Immunosenescence is the steady degeneration of the immune system that occurs with age. For the adaptive immune system at least, researchers have a good picture as to why and how this happens - which means that they also have starting points to develop ways to reverse immunosenescence.
Here is an open access review paper on the topic:
The elderly frequently suffer from severe infections. Vaccination could protect them against several infectious diseases, but it can be effective only if cells that are capable of responding are still present in the repertoire. Recent vaccination strategies in the elderly might achieve low effectiveness due to age-related immune impairment.
Ageing dampens the ability of B cells to produce antibodies against novel antigens. Exhausted memory B lymphocyte subsets replace naive cells. Decline of cell-mediated immunity is the consequence of multiple changes, including thymic atrophy, reduced output of new T lymphocytes, accumulation of anergic memory cells, and deficiencies in cytokines production. Persistent viral and parasitic infections contribute to the loss of immunosurveillance and premature exhaustion of T cells.
In essence, the immune system fails because the thymus, source of immune cells, ceases production and withers away. At the same time, the population of immune cells becomes ever more biased towards memory cells and away from cells capable of fighting new infections - and this is largely due to persistent viruses like cytomegalovirus. Eventually the immune system becomes so focused on the viruses it cannot clear from the body that it has no resources left to perform its other functions.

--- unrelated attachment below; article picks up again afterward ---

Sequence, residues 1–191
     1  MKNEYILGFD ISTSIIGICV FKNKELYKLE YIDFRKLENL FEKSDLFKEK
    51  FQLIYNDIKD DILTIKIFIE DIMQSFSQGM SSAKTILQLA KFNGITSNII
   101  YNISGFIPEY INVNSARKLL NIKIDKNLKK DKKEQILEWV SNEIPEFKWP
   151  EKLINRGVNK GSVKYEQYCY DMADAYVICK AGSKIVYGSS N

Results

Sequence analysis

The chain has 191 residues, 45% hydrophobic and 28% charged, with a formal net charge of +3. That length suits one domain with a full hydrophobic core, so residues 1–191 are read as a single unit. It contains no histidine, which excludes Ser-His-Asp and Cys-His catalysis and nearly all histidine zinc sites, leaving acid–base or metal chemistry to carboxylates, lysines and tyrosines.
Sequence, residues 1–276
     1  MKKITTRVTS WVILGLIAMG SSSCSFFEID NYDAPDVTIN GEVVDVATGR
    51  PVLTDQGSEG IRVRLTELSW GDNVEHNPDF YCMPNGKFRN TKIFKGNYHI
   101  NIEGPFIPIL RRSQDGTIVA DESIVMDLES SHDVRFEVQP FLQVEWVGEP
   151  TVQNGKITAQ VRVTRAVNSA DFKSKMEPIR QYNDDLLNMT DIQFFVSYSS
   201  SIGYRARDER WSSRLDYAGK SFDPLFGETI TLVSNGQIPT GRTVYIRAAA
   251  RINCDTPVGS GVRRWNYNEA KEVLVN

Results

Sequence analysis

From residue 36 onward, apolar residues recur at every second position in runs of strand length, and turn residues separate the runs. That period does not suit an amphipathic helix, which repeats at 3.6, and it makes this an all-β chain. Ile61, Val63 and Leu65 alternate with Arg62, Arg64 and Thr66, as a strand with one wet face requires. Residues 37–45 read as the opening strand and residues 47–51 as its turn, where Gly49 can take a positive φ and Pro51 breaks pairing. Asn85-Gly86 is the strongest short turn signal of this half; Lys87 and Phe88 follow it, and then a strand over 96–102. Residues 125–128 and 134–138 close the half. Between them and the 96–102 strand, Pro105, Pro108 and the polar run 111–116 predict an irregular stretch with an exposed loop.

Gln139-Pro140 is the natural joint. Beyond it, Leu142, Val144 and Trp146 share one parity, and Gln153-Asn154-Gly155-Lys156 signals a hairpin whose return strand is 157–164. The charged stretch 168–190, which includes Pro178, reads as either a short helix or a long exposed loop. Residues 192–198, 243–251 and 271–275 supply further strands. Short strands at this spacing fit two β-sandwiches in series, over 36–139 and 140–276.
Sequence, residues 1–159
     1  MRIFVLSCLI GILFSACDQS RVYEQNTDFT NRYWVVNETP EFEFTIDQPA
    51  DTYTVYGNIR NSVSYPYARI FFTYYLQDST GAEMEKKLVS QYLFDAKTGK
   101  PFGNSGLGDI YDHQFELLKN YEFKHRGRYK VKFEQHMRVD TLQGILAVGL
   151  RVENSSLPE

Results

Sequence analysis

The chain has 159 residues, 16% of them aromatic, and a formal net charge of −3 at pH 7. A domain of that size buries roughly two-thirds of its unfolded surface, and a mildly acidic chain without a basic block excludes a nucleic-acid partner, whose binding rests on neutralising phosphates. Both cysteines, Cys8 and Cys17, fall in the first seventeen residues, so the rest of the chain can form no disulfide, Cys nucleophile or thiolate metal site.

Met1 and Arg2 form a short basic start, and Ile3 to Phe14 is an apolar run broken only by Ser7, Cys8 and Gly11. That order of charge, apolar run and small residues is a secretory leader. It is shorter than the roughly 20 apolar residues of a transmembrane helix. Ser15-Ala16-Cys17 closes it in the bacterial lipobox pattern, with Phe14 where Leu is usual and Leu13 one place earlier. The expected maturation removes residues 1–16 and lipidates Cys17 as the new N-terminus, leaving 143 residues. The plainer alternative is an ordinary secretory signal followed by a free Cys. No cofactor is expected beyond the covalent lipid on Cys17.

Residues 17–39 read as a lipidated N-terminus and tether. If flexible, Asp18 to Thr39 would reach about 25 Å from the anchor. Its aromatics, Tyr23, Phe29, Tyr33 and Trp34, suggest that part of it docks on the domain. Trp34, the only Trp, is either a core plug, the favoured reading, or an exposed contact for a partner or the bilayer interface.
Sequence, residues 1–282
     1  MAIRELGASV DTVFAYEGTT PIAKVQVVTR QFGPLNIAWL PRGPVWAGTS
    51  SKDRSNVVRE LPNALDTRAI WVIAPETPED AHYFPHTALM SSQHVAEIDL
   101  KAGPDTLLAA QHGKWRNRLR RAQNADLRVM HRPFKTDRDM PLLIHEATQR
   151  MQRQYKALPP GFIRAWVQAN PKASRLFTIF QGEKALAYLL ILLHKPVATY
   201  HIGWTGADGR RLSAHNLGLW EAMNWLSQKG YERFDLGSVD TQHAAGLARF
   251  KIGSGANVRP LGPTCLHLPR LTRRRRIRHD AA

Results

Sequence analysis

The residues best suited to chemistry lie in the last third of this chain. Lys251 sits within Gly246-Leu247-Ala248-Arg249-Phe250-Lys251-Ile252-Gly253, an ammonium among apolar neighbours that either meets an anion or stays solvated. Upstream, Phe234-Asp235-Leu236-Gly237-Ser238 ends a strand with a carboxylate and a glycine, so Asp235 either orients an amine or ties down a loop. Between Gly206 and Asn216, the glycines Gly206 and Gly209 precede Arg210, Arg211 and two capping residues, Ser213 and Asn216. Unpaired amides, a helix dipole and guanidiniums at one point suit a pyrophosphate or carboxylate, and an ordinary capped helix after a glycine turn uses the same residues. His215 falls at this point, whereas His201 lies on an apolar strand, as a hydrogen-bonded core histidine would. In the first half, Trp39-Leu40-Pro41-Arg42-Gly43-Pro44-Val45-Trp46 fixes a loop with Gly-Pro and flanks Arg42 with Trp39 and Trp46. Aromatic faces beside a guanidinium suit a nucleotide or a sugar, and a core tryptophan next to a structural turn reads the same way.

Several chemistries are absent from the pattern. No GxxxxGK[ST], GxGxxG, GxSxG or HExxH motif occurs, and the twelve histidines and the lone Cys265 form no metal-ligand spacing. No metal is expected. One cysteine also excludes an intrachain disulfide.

These problems suggest their own solutions: replace or rejuvenate the thymus, for example, or apply new targeted cell-killing methods developed for cancer therapies to destroy unwanted memory cells. On that note it's worth recalling that thymus transplants have been shown to extend life in mice, but there is plenty of other evidence to support these and similar attempts to restore the aging immune system to youthful levels of activity.
Ongrádi, J., & Kövesdi, V. (2010). Factors that may impact on immunosenescence: an appraisal Immunity & Ageing, 7 (1) DOI: 10.1186/1742-4933-7-7